# Solving a real problem on quantum computers

This is the final of a series of four articles based on my Jupyter Notebooks exploring quantum computing as a tool for generating random number distributions.

Generating random numbers from a variety of specific probability distributions is interesting, and so is implementing digital computer operations on a quantum computer so that multiple operations are performed simultaneously. However neither of these is enough to justify the hype around quantum computers. Let’s now take a look at an example of something where quantum computers can significantly outperform digital computers. It’s known as Grover’s algorithm, and allows a quantum computer to take a function that might be performed on digital computers, and wraps it in some quantum goodness that quickly solves for it. “Solving for it” in this context means creating a probability distribution that is skewed in a controlled way so that the right answer comes up most often when measuring the qubits at the end.

Also, we will solve for a function of the type where it has one (or just a couple) of solutions, and where the approach to solve for it on a digital computer would be to “brute force” the answer by trying every possible solution to check if it works. On a quantum computer, there are some tricks to try the function fewer times, or even just once, and yet still figure out the solution. This demonstrates quantum advantage for using a quantum computer to solve problems of this type.

Functions of the type we’re interested in, that have one specific solution, exist all over the place. So, this is a potentially highly useful application for quantum computers. For example, a function that checks a possible set of numbers to a particular Sudoku puzzle to verify if it is a correct solution, a function that checks a password to see if it matches an encrypted password entry for a user, or a function that confirms the colour of a particular pixel in an image is correct for a given 3D scene with a particular set of objects and lighting. Many different problems can be rewritten in terms of a function that checks if a given answer is correct.

However, before seeing how to do this on a quantum computer, we need to introduce a couple of new operations.

### Z operation

The Z operation works on all pairs of rows in the state vector associated with outcomes where there are different values of only a particular qubit, and flips the sign on the second row of each pair. We can call it the “flip” operation. Let’s have a quick look at an example.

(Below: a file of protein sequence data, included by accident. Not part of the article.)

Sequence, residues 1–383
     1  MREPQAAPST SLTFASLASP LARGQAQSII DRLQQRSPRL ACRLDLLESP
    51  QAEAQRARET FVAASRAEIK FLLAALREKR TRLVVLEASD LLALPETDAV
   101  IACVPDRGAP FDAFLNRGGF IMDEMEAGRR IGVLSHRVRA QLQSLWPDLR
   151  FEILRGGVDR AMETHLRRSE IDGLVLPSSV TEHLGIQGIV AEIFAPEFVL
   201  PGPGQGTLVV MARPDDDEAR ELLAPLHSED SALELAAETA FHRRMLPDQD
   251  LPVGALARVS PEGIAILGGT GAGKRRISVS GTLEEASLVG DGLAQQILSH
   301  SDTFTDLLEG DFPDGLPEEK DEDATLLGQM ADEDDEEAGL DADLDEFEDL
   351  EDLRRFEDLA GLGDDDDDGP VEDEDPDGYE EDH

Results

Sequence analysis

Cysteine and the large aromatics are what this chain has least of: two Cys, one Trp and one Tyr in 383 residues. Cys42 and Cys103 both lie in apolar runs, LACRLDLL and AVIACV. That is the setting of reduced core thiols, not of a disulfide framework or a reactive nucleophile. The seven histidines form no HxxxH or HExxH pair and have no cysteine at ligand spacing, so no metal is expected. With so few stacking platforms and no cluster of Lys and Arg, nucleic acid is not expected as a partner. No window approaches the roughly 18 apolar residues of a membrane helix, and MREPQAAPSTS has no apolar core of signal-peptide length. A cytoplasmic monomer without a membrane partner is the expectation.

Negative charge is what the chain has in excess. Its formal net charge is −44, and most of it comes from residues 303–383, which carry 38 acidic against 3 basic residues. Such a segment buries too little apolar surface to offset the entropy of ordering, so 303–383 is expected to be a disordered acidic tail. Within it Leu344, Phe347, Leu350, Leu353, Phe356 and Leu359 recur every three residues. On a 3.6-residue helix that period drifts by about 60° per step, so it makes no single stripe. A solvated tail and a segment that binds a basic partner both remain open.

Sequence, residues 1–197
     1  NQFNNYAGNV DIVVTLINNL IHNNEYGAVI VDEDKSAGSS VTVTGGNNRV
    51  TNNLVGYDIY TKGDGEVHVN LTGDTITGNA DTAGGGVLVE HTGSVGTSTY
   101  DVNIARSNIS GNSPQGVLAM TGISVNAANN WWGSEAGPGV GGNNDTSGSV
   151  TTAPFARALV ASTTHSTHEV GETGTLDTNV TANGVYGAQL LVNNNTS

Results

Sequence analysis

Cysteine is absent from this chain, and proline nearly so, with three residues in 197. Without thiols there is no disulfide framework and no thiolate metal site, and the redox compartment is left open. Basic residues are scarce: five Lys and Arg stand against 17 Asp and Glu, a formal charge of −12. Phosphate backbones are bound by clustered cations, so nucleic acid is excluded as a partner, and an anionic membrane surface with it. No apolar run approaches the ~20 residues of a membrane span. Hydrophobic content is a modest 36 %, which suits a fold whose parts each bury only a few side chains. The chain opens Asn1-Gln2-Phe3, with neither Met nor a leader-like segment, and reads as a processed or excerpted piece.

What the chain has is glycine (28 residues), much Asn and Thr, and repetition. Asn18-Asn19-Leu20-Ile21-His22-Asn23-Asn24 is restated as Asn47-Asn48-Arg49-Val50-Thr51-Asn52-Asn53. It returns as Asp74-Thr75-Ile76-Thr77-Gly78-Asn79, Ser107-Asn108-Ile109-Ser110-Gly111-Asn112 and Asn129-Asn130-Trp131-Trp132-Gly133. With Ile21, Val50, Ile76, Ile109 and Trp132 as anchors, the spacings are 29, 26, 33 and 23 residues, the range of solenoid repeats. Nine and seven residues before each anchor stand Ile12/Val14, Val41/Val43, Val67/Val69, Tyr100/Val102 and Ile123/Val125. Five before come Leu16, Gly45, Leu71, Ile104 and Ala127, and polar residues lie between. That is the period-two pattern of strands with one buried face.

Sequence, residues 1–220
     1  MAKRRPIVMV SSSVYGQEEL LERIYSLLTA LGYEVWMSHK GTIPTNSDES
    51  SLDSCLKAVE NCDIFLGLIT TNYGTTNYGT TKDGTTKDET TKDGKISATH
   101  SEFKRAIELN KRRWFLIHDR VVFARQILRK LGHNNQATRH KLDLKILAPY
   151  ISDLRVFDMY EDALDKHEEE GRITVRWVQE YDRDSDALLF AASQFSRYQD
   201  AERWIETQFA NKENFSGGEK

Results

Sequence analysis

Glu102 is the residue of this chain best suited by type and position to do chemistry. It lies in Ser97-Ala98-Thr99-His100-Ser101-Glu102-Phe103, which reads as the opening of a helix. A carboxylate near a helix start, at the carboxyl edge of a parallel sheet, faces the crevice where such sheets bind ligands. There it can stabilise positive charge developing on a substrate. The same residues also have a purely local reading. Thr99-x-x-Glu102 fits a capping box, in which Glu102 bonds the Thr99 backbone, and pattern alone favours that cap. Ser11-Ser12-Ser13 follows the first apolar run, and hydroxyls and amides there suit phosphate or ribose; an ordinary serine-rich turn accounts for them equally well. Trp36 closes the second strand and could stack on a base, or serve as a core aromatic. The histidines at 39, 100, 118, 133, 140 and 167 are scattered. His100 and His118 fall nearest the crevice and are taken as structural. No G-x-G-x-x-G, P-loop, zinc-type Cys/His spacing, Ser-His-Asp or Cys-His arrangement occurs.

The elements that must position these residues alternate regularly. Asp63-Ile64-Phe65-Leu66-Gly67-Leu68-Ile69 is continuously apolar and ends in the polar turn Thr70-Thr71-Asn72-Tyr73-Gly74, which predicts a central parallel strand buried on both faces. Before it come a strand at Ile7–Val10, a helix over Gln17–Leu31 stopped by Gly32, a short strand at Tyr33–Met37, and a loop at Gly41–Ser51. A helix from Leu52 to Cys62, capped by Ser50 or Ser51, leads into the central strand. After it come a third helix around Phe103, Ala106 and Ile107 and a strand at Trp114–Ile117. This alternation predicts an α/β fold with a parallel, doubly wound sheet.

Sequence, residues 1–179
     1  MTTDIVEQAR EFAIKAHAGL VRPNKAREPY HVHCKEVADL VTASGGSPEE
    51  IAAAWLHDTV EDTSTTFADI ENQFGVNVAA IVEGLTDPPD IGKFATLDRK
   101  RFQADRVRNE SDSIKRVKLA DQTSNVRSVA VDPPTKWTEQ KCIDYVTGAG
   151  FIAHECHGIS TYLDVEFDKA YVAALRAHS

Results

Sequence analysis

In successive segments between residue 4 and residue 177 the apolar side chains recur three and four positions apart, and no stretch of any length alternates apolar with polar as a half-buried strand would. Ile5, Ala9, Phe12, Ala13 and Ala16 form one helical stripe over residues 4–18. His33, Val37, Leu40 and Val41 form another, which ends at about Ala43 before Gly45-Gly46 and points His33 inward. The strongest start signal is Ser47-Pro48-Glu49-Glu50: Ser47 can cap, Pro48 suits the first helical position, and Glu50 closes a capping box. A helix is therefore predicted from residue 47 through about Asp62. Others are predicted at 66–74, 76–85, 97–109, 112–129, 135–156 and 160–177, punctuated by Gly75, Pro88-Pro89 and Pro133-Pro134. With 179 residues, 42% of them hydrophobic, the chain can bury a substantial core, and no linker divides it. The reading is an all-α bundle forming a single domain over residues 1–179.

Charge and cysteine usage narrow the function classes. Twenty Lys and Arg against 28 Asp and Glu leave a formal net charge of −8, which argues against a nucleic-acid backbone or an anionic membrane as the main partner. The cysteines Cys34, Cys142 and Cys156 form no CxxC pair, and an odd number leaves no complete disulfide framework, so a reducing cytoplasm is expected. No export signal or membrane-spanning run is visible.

In a two qubit scenario, if we start with an H(0) operator and an H(1) operator, as we did in the first notebook, we have the same value on each row of the state vector. If we then do a Z(0) followed by a Z(1), you can see the signs flip but the numbers otherwise stay the same.

We saw negative probabilities in the article where we introduced the RY operation, and here they are again. They are the key to how Grover’s algorithm works.

Note that we could have created a Z operation out of the operations that we already have, using a neat trick. The Z operation produces the same result as using the H, X, and H operations in sequence. If you remember, H takes a pair of rows with values a and b, and turns them into (a+b)/√2 and (ab)/√2. X then swaps these, so performing H again results in the pair of rows becoming 2a/(√2 x √2) and -2b/(√2 x √2) – which is just a and –b. However, Z is a common enough thing to want to do that it is useful to have it as a standalone operation rather than do H, X and H each time.

### CCZ operation

Similarly to CCX, the CCZ operation is “doubly constrained”. In this case, it is a “doubly constrained flip” operation. Constrained to just those rows where the two specified qubits are |1>, it flips the sign of the second row of all pairs where the third qubit is the only one changing. Since the second row of these pairs is also the row where the third qubit is |1>, another way to think about this operation is flipping the sign of all rows where the three specified qubits are |1>.

Here’s an example of CCZ in practice:

### Implementing a verifier

The other thing that Grover’s algorithm needs is a function that verifies whether a value is a valid solution to some problem. All it needs to do is take a potential solution, and tell us “yes” or “no”.

We can do this by considering some of the qubits in the outcome to represent a proposed solution, and one other qubit to represent “yes” if it is |1> or “no” if it is |0>. In the example implemented here, qubits 0 and 1 will represent potential solutions, and qubit 2 will represent the result of validating it.

On a digital computer, we would think about this as bits. We would implement some logical operations that take two bits representing potential solutions and return another bit with the validation result. As we saw in the last notebook, we can implement the deterministic operations of a digital computer on a quantum computer by using X, CX, CCX, etc. operations.

Let’s say we want our verifier function to take state vectors where one of |000>, |001>, |010>, or |011> rows has the value 1.0 (100%), and only if it’s the “right” one, will the state vector be changed so that the corresponding row where qubit 2 is |1> becomes 1.0. For example, if |011> is the right solution, this would be implemented simply with the function CCX(0, 1, 2) which would swap the 1.0 value from |011> over to |111>.

Firstly, let’s use X operations to encode the value 3 into the state vector, by putting the value 1.0 in the |011> (|3>) row. (You can grab the complete Python script from here, or just type in the code below.)

import numpy as np
from qiskit import QuantumCircuit, QuantumRegister, ClassicalRegister, execute, BasicAer
from qiskit.visualization import plot_histogram
from qiskit.quantum_info import Statevector
import matplotlib.pyplot as plt
backend = BasicAer.get_backend('qasm_simulator')

q = QuantumRegister(3)    # We want 3 qubits